Motorcycle Helmets and Serious Personal Injury or Wrongful Death

         I am always amazed at people I see riding bikes and scooters and motorcycles without helmets. I am even further amazed and how strongly some of these people feel about laws requiring the use of helmets.  A couple years ago, the Indiana legislature was all set to pass a mandatory helmet law.  On the day of the final vote several hundred motorcyclists filled the halls of the state house to voice their opposition to mandatory helmet laws.  I understand smaller government, but I do not understand not wearing a helmet.

In what must be one of the most ironic stories of the year,  Police say a motorcyclist participating in a protest ride against helmet laws died after he flipped over the bike’s handlebars and hit his head on the pavement. 55-year-old Philip A. Contos of Parish, N.Y., was driving a 1983 Harley Davidson with a group of bikers who were protesting helmet laws by not wearing helmets. He hit his brakes and toppled over the handlebars. He was pronounced dead at a hospital. Troopers say Contos would have likely survived if he had been wearing a helmet.  We are saddened for Mr. Contos’ family.  However, this story is a teaching moment.  Helmets prevent more serious injuries.  Helmets are comfortable.  Helmets should be worn at all times.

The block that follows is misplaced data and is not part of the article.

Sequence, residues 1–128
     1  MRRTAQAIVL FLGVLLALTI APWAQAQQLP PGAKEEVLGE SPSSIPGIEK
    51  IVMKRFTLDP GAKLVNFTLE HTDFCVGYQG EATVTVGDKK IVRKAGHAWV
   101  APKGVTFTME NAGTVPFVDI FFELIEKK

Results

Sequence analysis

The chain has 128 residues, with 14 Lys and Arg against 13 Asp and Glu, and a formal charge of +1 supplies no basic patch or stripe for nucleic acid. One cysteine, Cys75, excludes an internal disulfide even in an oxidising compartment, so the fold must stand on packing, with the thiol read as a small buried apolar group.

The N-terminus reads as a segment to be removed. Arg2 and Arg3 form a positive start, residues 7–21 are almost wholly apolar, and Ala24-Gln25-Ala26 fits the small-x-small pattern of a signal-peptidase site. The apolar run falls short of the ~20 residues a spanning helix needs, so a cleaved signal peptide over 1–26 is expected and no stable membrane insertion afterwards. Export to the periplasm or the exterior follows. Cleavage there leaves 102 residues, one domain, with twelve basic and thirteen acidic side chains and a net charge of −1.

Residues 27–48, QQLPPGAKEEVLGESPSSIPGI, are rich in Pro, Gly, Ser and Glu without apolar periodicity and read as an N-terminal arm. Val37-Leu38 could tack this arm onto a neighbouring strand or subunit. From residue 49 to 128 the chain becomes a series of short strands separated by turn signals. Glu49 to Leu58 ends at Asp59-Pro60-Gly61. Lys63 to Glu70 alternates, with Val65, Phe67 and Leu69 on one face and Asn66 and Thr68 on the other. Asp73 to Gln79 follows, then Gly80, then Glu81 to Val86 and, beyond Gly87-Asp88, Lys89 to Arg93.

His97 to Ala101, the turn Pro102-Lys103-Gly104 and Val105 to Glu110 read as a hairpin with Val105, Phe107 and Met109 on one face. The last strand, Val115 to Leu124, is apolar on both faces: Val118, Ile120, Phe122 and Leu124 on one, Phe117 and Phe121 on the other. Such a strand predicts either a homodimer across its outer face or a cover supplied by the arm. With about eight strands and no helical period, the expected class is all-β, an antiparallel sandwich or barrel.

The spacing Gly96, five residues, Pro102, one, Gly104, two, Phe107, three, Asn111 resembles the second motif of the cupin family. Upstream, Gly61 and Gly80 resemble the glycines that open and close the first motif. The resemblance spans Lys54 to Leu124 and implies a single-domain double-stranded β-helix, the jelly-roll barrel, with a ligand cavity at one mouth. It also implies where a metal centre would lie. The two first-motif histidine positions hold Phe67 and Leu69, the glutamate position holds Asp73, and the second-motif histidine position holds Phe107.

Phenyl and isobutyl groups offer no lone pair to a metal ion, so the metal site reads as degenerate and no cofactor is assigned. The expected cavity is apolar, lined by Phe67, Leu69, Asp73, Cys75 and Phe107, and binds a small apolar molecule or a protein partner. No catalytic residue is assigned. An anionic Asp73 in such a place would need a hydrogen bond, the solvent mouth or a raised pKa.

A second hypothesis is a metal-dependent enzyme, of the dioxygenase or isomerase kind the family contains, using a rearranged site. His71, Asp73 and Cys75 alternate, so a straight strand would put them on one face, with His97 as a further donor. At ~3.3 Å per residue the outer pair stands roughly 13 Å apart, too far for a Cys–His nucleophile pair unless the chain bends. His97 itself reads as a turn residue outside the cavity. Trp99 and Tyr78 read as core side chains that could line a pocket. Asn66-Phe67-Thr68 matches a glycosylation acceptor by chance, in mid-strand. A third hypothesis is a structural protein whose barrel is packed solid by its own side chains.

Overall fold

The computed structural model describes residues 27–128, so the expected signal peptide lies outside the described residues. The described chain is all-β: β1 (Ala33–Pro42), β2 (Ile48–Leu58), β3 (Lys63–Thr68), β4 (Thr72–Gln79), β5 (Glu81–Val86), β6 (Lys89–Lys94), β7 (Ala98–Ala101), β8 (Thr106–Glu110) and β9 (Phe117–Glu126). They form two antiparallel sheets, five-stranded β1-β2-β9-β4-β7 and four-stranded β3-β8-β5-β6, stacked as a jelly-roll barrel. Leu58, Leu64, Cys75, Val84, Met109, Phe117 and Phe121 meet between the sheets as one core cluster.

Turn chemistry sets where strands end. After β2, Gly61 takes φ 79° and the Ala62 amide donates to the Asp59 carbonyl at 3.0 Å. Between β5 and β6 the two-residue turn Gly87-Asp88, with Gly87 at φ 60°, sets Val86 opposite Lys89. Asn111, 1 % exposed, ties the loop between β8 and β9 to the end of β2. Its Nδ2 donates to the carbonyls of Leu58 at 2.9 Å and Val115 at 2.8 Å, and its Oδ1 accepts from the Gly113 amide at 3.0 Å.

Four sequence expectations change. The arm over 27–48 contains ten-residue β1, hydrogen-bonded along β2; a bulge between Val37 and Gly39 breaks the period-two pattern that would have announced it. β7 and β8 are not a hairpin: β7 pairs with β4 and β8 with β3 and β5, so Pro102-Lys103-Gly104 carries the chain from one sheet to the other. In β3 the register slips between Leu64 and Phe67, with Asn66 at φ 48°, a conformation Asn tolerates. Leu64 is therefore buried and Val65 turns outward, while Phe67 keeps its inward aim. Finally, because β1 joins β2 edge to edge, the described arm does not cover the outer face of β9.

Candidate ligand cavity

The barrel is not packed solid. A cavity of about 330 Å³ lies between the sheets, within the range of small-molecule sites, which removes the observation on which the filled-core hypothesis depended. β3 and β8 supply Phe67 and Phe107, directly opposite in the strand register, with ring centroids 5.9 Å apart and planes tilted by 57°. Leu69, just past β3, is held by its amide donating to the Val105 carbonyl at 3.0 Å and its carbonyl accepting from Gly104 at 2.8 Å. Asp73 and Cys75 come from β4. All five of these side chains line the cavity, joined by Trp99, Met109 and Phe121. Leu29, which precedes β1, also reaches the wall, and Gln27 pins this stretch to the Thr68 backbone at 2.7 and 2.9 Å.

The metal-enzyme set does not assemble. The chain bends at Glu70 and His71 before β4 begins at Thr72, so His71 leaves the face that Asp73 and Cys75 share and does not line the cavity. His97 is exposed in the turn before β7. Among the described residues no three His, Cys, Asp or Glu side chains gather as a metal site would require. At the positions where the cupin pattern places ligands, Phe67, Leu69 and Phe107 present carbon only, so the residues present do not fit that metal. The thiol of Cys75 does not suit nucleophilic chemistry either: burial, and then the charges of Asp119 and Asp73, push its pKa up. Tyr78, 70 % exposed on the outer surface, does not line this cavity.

I often wonder if the same folks who do not want to be told by the government to wear a helmet, have any objection to receiving social security and Medicare for the rest of their lives after a severe brain injury in a motorcycle accident.  After all, for the rest of their lives the Government they did not want telling them what to do, will be telling them what to do for the rest of the lives.

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